GRANTS FOR ARTS PROJECTS: Arts Education Collective Impact Grants

The following information relates to the Grants for Arts Projects: Arts Education Collective Impact project type. Click here to read the full Arts Education guidelines.

Projects increase student access to arts education through collective, systemic approaches. Projects should aim to ensure that all students across entire neighborhoods, schools, school districts, and/or states – in communities of all sizes – participate in the arts over time. We anticipate making a limited number of grants at higher award levels for longer-term, large-scale projects that use a collective, systemic approach to provide arts education to students. Projects should have significant potential to be shared and customized in communities across the country.

These projects should embrace the following principles, which may be ongoing and occur at any point during the project:

Round graphic containing five interconnected circles: Planning, Shared Measurement, Partnership, Data, Programming

  • Partnership: Cross-sector partners work to determine a common vision, define goals, develop strategies, and identify measurable objectives for arts education. Priority will be given to projects that include a managing partner or group of partners that acts as the coordinating entity, and involve at least three cross-sector organizations, one of which is an arts/cultural organization. Partners may include arts councils, units of state or local government, school systems, funders, businesses, community service organizations, economic development organizations, trade associations, parent/student networks, social service organizations, or institutions of higher education.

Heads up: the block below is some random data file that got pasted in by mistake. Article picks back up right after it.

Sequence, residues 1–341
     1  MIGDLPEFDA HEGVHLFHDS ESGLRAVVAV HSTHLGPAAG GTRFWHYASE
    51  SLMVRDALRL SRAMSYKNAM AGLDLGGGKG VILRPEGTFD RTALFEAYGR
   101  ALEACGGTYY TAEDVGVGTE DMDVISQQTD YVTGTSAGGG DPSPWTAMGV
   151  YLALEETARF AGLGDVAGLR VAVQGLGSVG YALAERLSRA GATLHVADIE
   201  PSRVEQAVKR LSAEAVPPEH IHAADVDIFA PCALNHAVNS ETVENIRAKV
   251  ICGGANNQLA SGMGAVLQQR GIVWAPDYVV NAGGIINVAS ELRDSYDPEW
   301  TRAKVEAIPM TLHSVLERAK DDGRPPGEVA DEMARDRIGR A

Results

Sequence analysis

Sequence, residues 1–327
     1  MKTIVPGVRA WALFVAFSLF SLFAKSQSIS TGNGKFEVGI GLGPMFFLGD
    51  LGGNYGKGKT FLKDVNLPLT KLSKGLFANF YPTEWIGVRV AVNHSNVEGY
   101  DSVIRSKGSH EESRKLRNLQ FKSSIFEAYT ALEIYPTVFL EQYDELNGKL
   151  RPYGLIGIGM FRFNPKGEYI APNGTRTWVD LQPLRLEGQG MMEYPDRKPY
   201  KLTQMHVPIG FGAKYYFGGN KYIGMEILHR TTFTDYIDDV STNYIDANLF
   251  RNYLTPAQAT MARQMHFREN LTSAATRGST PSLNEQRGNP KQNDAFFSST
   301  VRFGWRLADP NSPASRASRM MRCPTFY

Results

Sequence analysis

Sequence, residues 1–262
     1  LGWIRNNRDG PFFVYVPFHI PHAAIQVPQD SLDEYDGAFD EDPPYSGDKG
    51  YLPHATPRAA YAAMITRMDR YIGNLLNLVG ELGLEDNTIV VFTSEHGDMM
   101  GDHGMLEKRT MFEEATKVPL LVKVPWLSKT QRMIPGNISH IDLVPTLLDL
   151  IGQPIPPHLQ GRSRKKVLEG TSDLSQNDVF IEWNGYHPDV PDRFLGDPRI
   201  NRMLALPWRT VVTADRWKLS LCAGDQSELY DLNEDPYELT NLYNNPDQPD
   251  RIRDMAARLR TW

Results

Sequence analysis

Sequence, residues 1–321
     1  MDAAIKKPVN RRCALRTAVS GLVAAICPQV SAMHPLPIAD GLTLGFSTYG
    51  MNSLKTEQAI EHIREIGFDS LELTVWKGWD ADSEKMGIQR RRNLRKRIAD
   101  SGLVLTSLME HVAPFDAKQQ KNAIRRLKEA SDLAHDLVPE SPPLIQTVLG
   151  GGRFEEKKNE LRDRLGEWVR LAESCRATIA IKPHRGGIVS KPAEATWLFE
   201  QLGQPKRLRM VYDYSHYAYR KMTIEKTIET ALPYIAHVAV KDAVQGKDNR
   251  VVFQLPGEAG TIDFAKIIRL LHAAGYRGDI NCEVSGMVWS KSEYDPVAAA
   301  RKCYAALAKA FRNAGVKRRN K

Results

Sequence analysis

• Data: Data informs decision making. This may include asset mapping of community resources, collection and evaluation of student data, or creating new data collection tools.
  • Planning: A plan outlines system-wide arts education implementation. This should include a description of each partner's role in achieving the common vision, as well as plans for communication among the partners and sustainability.
  • Programming: Activities support the plan. Programming may include services to students, professional development, curriculum design, or convening stakeholders.
  • Shared Measurement: A shared measurement system is an evaluation system that assesses the progress of each project partner's work towards common outcomes—increasing student participation in arts education and, as appropriate, societal well-being for students.

Collective Impact projects are multi-year, ongoing, systemic initiatives. Specify in the application which phase(s) of the project are included in the request for National Endowment for the Arts funding. All phases of a project -- building partnerships, data collection, planning, programming, and shared measurement -- are eligible for support.
If the collective impact project is part of a larger, ongoing, system-wide effort to benefit students and communities, indicate that in your application.

All project costs for the project phase included in the Project Budget must be incurred within the period of performance.

Identify the project as either Emerging or Sustaining.

Emerging projects are in the initial phase of work to establish an arts education plan. Projects may include cultivation of partners, convenings, collection of data, or creation of an arts education plan.

Sustaining projects have an arts education plan in place. These projects may continue work from the emerging phase, be in the programming and evaluation stage, or scaling up proven efforts to increase arts education access. These projects must demonstrate how they are disseminating project information to the fields of arts education, public education, and beyond.

Collective Impact Resources:

See a list of National Endowment for the Arts Arts Education Collective Impact grants:

National Endowment for the Arts webinars about Collective Impact: